NSIDC Virtual Globes - Google Earthsubmitted by Walt Meier, National Snow and Ice Data Center, University of Colorado, Boulder
The National Snow and Ice Data Center offers some of their data in the form of Google Earth files (more info) that enable the user to overlay data-based images on a virtual globe. KMZ files of cryospheric (snow and ice) data are provided for input into Google Earth. Multiple fields are available, some updated regularly (e.g., sea ice each month, daily snow and sea ice fields), some are static data that are not regularly updated (e.g., permafrost).
Uses of the Program
Students can visualize where on earth snow and ice occurs and for some data (e.g., sea ice), track changes over time. They can look at daily, seasonal, or interannual variability depending on the data.
Audience and Setting
This could be used at the introductory level to simply show were ice and snow occurs and how it changes seasonally. At more advanced levels this tool can be used to explore changes and trends in snow and ice and possibly combined with other Google Earth data (e.g., temperatures) to investigate how snow and ice interact with climate.
Examples of Educational Use
When discussing climate, Google Earth animations of snow and ice can demonstrate seasonal changes as well as long-term changes in climate.
At the 2008 workshop on Teaching with New Geoscience Tools, faculty brainstormed for ideas about ways to teach using snow and ice data from the NSICD. Here are their ideas:
How to Get the Software
The KML/KMZ files re downloadable from the NSIDC Google Earth web page (more info) . Google Earth needs to be downloaded first - it is freely available. For more information about using Google Earth see the Google Earth tool sheet or Google Earth and Geoscience Education.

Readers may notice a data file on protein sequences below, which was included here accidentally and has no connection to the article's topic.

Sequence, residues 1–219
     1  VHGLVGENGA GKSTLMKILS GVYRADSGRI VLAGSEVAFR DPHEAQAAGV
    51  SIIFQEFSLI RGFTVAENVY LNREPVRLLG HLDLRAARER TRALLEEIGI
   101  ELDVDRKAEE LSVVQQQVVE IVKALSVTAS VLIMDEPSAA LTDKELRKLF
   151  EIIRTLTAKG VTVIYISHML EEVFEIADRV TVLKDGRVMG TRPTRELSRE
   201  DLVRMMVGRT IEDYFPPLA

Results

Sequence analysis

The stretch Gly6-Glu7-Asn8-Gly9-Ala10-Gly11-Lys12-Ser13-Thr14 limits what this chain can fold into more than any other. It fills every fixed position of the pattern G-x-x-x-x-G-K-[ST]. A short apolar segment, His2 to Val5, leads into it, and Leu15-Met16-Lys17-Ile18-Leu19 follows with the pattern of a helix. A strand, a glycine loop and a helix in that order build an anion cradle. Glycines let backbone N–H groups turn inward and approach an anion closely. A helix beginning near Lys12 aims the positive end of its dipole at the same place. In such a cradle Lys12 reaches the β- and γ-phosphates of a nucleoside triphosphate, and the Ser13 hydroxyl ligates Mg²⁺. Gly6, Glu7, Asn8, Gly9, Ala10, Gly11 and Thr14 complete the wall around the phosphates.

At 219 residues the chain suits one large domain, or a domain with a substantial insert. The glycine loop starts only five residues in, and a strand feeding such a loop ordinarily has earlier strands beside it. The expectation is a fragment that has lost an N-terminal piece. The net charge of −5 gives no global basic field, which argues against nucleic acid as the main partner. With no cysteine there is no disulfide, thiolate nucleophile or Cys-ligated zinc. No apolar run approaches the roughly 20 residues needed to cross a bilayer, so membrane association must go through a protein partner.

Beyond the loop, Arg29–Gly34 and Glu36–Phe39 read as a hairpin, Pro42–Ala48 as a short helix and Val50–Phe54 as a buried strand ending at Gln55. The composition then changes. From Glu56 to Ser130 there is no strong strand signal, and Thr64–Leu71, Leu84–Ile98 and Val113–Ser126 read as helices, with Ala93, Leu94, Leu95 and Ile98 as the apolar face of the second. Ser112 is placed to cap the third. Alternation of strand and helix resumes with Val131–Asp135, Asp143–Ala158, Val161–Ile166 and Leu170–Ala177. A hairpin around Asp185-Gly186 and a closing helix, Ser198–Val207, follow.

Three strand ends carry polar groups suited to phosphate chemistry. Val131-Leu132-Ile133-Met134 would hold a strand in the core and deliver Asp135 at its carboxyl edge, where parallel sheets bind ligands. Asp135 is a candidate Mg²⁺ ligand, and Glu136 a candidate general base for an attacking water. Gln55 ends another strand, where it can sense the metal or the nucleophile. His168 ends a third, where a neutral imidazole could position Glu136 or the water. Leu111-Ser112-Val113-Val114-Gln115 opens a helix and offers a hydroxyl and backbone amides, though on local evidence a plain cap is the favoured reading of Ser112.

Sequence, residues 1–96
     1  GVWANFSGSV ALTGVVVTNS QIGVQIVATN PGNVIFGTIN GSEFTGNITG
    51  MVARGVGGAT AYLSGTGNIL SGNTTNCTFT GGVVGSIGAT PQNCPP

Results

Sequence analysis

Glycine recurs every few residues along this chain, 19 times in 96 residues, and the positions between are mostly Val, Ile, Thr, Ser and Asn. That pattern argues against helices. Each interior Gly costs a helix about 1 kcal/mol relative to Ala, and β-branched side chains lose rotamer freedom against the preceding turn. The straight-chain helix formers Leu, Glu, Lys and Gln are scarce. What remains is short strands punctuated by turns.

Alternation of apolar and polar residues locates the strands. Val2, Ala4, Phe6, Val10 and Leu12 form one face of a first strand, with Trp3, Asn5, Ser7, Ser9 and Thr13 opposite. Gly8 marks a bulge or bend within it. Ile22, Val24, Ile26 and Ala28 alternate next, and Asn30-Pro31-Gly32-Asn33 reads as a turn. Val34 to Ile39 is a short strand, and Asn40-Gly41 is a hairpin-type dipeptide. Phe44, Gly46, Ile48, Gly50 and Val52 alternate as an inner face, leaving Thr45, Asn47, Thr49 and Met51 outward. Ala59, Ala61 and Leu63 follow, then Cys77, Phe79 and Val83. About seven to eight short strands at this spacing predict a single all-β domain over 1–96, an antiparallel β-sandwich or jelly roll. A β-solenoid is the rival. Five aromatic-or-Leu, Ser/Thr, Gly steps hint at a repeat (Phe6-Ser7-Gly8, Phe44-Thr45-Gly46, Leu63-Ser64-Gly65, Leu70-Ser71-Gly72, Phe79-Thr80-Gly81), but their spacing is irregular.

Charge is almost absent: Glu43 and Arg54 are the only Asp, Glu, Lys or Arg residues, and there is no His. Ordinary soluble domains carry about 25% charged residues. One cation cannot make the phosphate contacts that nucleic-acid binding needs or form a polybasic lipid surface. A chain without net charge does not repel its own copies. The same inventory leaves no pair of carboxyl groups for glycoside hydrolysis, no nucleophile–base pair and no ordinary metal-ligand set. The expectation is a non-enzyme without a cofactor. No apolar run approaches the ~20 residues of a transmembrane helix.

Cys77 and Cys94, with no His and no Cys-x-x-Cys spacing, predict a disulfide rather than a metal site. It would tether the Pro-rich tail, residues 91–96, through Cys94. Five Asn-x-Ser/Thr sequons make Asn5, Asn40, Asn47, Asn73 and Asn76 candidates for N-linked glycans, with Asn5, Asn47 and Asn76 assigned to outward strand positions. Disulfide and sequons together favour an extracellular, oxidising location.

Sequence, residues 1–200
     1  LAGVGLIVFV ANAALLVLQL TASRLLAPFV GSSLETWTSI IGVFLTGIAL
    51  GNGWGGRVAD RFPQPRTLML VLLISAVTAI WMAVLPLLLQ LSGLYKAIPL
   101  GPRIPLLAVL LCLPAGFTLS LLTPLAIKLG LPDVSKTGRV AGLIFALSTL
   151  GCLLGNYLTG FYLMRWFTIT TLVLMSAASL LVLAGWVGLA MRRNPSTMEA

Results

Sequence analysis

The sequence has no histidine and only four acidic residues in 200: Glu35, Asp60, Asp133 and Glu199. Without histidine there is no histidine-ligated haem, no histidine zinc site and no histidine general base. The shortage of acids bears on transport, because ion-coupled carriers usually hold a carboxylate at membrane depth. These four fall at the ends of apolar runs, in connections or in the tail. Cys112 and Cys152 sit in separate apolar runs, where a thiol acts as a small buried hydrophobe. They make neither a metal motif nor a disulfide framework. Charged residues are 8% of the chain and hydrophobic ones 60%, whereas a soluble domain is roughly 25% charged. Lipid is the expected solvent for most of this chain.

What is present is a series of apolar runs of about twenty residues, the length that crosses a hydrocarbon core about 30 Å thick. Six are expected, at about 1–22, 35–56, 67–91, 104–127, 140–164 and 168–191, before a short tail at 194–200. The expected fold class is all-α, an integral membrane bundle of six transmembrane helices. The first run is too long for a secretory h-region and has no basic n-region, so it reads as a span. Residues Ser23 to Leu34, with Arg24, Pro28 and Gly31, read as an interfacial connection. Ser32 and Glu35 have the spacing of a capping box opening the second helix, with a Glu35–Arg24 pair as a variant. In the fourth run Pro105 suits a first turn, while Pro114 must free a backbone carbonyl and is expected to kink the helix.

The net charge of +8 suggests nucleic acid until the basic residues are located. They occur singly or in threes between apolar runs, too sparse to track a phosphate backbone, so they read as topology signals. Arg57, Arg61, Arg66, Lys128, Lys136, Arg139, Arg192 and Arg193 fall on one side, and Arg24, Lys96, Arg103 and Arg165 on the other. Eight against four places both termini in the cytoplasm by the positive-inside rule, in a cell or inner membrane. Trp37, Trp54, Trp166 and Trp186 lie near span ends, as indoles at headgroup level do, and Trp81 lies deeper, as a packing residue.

How to Use this Software
Once Google Earth is downloaded and installed and the KML/KMZ files are downloaded, they can be opened from within Google Earth or by just double-clicking on the file icons. Refer to the NSIDC Data in Google Earth FAQ
Visualizing Polar Change: Data and Tools to Understand an Arctic Climate in Transformation (PowerPoint 6.2MB Feb25 08)
A presentation from the 2008 workshop on Teaching with New Geoscience Tools. The Arctic is undergoing a rapid change, which will have dramatic implications for the Arctic climate and beyond. NSIDC has numerous datasets and visualization tools that can be used to track and understand this change and its implications. This presentation focused on Arctic sea ice, the most dramatic climate change indicator.